Horizon Blog

Bullying in Our Schools, Part I – The Bully

May 2nd, 2018

A student feeling left outIn 2015, one in five American high-school students reported that they had been bullied on school property in the previous year. According to ABC News, as many as 30% of children either bully or experience bullying.

It’s easy to get swept up in a simplified narrative of school-age aggression. It’s easy to believe that there are bullies and victims, good kids and bad. The truth is much more complex. Bullying is a spectrum of grey more than it is black and white. Along this spectrum a child may be bully, bullied, or witness, and their role may change with time or circumstance. For any youth involved in what researchers call the “circle of bullying” there can be long-term, negative impacts.

The better we understand bullying, the better equipped we are to create a society in which our young people can develop safely.

What Makes it Bullying?

There are many types of aggression in both youth and adults, but bullying has specific characteristics. Bullying occurs between two people when there is:

  • A real or perceived power imbalance.
  • Repetitive behavior, or the potential for the behavior to happen more than once.

The power of a bully could come from physical strength, social popularity, or access to sensitive information — and they use this power to control or harm others.

Here are just a few reasons children and teenagers may bully:

  1. Family circumstances. Disturbances at home can contribute to aggressive behavior in youth. A teen may act out in reaction to a situation they find upsetting, like a divorce or living with someone who struggles with mental illness or substance use. The child may want more attention, affection, or stability without knowing how to ask for it.
  2. Exposure to aggression. Kids pay close attention to examples they see in video game, movies, and TV. But even more than those, they are watching the adults in their life. If they witness aggressive behavior, bullying, or volatile conflict, they are more likely to replicate those behaviors, believing them appropriate.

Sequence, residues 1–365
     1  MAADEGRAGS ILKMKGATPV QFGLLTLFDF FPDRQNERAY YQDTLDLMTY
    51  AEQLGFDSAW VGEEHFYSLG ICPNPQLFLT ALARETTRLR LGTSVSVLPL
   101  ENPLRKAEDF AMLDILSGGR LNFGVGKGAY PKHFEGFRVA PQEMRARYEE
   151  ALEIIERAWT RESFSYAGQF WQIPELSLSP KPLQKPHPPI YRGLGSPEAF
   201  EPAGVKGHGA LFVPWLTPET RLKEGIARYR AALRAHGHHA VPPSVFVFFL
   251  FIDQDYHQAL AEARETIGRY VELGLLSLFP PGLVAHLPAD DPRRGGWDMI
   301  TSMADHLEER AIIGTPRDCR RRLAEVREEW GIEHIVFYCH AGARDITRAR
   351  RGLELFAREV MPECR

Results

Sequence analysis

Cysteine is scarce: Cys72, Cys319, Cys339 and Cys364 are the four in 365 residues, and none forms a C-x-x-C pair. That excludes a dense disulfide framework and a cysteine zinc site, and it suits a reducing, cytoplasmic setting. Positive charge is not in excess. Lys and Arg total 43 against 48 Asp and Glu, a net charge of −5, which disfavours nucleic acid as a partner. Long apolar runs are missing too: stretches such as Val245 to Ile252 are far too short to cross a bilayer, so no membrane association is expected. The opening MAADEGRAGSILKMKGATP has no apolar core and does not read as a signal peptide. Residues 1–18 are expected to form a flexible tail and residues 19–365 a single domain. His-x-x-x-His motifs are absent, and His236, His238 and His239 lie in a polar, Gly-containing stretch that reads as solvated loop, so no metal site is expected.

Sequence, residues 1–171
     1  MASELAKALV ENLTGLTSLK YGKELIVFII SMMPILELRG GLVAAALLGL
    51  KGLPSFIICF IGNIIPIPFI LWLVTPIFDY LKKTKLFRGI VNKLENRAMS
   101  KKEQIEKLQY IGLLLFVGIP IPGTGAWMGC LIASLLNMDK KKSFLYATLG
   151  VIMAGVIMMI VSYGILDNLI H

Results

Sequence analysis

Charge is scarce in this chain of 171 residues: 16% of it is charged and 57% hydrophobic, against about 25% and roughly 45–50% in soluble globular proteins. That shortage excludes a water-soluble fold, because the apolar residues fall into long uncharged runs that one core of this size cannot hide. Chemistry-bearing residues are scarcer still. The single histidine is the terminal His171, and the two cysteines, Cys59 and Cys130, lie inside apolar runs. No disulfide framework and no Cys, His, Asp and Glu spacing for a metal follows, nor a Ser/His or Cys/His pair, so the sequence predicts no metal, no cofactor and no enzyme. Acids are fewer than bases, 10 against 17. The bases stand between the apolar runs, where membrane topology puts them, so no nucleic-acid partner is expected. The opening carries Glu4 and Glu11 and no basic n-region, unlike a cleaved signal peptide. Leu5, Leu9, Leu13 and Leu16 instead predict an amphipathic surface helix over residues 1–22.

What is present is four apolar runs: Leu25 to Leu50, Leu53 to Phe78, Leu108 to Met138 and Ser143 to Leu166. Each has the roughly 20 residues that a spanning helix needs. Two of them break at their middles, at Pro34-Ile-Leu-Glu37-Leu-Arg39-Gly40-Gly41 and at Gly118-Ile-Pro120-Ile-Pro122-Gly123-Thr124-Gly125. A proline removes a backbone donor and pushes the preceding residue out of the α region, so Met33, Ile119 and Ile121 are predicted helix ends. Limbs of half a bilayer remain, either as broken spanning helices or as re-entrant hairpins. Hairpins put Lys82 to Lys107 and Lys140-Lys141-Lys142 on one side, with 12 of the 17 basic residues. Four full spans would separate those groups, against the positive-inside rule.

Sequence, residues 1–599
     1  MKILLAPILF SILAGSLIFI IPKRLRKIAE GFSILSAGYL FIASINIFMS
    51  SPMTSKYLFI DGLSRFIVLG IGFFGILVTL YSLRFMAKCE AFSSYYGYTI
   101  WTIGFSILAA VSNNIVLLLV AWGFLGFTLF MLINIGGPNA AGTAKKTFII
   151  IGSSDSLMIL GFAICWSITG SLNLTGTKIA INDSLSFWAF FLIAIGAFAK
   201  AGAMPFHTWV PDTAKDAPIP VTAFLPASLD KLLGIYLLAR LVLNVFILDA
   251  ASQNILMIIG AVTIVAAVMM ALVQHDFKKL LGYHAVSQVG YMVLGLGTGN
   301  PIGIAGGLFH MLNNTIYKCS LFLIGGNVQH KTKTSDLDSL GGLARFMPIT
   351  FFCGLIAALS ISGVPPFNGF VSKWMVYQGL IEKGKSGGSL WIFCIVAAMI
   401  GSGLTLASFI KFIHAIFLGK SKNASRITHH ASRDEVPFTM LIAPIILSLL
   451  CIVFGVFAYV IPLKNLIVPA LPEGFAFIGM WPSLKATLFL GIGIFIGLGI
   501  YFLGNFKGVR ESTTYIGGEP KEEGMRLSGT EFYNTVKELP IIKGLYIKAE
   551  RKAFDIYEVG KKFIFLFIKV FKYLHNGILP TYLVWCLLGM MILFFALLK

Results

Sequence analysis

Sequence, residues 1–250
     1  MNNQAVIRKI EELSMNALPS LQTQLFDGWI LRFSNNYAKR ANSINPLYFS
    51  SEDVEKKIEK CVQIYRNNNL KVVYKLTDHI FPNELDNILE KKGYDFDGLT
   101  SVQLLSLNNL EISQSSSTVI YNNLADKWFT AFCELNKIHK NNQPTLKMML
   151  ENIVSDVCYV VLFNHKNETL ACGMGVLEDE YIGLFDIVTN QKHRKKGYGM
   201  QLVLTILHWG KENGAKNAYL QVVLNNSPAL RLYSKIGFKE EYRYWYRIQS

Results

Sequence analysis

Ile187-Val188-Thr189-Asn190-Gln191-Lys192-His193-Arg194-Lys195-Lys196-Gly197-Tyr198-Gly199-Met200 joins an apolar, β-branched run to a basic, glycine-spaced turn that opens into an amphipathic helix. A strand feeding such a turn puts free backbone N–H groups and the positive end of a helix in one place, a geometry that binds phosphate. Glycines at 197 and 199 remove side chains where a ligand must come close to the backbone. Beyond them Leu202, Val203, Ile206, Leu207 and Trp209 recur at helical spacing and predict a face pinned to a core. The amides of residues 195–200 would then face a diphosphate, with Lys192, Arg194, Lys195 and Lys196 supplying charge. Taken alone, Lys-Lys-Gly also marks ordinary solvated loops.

3. Peer pressure and social status. Social belonging is very important to young adults. They are more likely to participate in bullying if their peers do, or if they see it as a way to gain popularity. A teen might believe that it’s either “bully or be bullied.” Similarly, if a child has been bullied in the past, they may respond by bullying to regain their sense of control after feeling powerless.

What can you do, to help steer your child safely away from the circle of bullying?

  • Educate your child about the different forms of bullying, so that they know if they are experiencing bullying, witnessing it, or being pressured to participate
  • Inform them about the importance of withdrawing support from bullies by not participating as an audience member, and instead drawing adult attention to the issue
  • Explore how they feel about their friends, their popularity and reputation. Pay attention if they seem competitive or overly concerned about their status, and to the words they use to describe other children.
  • Be mindful of how you express emotions and resolve conflict. Never exhibit bullying behavior in front of your children. Kids are using your example to determine what is acceptable.
  • Minimize your child’s exposure to violent or aggressive media, including music, television programs, movies, and video games. Educate them on the serious and tragic impact of bullying — not only on the children who are bullied, but on the futures of those who participate in bullying.

Resources:
https://www.stopbullying.gov/what-is-bullying/index.html

https://www.stopbullying.gov/what-is-bullying/roles-kids-play/index.html

https://www.secureteen.com/bullies/secret-revealed-%E2%80%93-why-teens-bully/

https://www.verywellfamily.com/reasons-why-teens-bully-others-460532

 

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